According to the U.S. Department of Veteran Affairs, more than 30 percent of post September 11 war veterans are affected by post-traumatic stress disorder (PTSD). In a preliminary study funded by the Human-Animal Bond Research Institute (HABRI), researchers found that veterans with services dogs experienced lower overall PTSD symptom severity; less frequency of nightmares; and lower overall anxiety, depression and anger than those without service dogs.
PetSmart’s goal was to raise awareness of PetSmart Charities-supported veterans programs with the launch of its fifth annual Patriotic Services Campaign. Starting in May, Military Appreciation Month, through today, July 5, the retailer has donated $1 from select services to programs that help veterans experience the healing power of pets.
“We know the human-animal bond is powerful and therapeutic for those recovering from traumatic experiences or living with a mobile disability,” said David Haworth, DVM, PhD, president of PetSmart Charities. “Because we believe wholeheartedly in these healing benefits, PetSmart and PetSmart Charities are committed to helping the organizations that connect veterans with their animal companions so these brave men and women can heal.”
Organizations like Phoenix-based Soldier’s Best Friend, supported by PetSmart Charities, work with dogs to teach them skills to help their pet parents manage stress or work through an injury or disability. To date, Soldiers Best Friend has received more than $30,000 from PetSmart Charities to locate and train service dogs for local Veterans.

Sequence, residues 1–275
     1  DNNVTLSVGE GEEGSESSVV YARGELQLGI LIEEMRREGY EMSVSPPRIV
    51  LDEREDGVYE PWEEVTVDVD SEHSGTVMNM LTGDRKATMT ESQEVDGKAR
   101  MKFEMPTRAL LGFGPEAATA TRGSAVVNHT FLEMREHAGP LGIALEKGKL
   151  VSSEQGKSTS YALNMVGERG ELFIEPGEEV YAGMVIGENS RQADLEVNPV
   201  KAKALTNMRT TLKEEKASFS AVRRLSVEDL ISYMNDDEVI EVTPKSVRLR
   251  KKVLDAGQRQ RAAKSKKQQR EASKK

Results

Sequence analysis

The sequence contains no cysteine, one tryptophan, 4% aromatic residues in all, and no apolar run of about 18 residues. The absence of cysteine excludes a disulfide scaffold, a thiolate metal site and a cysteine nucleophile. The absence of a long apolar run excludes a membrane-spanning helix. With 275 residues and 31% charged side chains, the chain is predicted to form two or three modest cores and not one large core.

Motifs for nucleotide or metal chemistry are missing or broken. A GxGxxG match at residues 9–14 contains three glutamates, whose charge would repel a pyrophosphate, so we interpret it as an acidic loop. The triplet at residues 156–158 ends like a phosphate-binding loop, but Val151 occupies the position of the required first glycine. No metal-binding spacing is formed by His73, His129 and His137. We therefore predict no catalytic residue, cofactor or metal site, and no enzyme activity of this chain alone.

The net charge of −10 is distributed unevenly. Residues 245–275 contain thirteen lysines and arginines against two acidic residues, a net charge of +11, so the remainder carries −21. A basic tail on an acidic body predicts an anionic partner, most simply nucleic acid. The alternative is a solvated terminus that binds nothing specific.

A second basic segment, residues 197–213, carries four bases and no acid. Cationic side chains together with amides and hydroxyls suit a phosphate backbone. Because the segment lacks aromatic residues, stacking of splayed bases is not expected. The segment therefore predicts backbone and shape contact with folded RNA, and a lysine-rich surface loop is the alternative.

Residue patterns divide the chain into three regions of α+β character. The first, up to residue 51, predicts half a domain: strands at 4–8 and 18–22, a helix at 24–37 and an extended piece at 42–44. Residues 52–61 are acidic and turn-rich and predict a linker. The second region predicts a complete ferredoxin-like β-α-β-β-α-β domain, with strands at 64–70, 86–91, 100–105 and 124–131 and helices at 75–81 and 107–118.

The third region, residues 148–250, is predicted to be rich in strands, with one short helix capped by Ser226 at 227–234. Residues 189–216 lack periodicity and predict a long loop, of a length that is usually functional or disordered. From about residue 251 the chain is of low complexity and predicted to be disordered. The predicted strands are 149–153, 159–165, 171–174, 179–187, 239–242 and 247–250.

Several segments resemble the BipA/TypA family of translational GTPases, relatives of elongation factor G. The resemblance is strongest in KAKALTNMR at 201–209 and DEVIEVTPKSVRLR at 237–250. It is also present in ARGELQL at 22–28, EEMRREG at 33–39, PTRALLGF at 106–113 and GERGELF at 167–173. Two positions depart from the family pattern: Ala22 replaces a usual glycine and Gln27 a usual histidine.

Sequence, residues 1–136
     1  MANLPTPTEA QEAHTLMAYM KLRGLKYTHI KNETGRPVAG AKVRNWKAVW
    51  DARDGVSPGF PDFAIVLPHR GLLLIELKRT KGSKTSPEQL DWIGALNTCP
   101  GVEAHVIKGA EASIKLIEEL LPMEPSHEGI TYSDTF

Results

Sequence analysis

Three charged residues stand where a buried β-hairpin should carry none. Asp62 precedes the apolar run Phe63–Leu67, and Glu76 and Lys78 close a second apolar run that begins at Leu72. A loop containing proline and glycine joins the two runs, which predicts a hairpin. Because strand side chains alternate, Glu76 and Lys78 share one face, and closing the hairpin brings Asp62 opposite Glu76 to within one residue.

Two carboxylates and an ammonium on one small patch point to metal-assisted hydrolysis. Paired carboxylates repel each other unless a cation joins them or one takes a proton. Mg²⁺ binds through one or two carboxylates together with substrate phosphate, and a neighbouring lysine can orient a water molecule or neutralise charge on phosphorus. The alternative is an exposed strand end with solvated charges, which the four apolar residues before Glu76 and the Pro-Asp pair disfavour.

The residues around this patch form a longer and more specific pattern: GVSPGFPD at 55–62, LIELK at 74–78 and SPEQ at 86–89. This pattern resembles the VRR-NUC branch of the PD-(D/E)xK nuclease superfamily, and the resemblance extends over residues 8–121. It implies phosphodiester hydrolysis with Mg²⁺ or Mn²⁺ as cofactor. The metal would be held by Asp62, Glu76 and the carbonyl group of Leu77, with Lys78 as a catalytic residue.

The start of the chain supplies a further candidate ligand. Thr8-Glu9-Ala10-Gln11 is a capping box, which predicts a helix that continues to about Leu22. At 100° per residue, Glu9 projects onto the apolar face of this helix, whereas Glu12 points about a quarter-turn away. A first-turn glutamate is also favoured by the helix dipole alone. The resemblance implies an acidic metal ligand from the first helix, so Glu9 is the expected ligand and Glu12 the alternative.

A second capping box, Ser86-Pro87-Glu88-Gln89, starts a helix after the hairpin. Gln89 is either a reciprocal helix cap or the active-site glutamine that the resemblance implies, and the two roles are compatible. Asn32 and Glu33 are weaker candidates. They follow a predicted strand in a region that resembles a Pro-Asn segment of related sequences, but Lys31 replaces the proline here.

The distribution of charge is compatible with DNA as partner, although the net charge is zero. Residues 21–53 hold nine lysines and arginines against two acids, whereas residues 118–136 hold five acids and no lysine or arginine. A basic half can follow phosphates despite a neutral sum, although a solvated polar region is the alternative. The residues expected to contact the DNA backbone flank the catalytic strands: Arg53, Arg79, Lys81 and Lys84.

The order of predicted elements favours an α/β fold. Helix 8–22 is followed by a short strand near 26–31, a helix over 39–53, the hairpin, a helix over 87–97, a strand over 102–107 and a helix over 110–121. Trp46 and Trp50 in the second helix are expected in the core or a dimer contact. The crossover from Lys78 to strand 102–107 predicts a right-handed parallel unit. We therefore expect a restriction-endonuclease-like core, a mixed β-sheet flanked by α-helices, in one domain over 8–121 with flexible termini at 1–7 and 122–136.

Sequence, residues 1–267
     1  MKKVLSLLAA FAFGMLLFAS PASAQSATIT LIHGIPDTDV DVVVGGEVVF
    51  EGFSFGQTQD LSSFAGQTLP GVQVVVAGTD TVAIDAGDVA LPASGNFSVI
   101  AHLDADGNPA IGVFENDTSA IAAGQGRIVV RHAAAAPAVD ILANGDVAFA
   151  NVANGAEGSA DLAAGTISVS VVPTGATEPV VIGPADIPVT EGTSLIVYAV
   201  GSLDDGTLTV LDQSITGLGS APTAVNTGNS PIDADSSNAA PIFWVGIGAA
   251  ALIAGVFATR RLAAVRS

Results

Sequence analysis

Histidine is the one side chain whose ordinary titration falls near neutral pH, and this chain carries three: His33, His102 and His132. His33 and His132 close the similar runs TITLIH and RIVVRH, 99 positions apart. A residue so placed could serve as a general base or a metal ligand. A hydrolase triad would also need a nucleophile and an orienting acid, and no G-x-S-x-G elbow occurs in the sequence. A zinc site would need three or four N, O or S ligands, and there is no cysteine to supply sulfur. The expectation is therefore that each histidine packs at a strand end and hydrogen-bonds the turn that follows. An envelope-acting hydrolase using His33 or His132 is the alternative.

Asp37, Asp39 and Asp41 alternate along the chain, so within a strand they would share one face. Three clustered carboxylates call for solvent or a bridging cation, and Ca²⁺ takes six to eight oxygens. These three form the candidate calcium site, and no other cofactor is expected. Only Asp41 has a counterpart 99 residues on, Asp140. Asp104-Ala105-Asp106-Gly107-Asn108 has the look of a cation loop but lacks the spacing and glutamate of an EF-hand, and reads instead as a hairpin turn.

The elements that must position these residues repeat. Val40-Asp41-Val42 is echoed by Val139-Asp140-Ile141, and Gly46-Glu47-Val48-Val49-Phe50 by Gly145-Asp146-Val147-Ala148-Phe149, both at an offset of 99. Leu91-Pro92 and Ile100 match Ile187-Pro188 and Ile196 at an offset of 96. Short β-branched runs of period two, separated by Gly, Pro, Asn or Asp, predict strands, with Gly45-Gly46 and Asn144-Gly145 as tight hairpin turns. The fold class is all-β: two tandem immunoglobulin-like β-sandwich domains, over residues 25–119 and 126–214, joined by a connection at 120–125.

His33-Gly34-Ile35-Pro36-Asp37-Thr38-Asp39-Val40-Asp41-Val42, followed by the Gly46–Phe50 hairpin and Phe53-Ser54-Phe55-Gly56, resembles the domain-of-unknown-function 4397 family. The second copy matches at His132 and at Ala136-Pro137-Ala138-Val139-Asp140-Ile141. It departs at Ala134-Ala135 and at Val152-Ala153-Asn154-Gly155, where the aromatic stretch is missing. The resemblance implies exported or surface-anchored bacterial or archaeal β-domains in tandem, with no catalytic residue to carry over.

“We place dogs with veterans with combat post-traumatic stress [disorder] or brain injury,” said Brenda Meir, program director at Soldier’s Best Friend. “If the veteran has their own dog between one and three years of age, we evaluate and see if they have the ability to learn and be in the program. If they do not have a dog, we will find one at a local shelter or rescue organization that provides dogs for us which we will train and place with a veteran in need.”
Madrid, a retired Marine Corporal, adopted an 8-week-old dog named Gunnie, and the two embarked on a training program with Soldier’s Best Friend to help him better manage stressful situations. Although he described himself as a confident person, he struggled to find his confidence when he needed it most.
“Before Gunnie, I was pretty much in a dark place,” Madrid said. “I was taking a lot of medication. The willingness to go out and be in public for long periods of time, or in big groups, was pretty dark for me. When I was introduced to having a service animal, it was a different day, a different light. It gave me a different outlook on life. Going through the program helped me restore my confidence and helped me move forward and do other things.”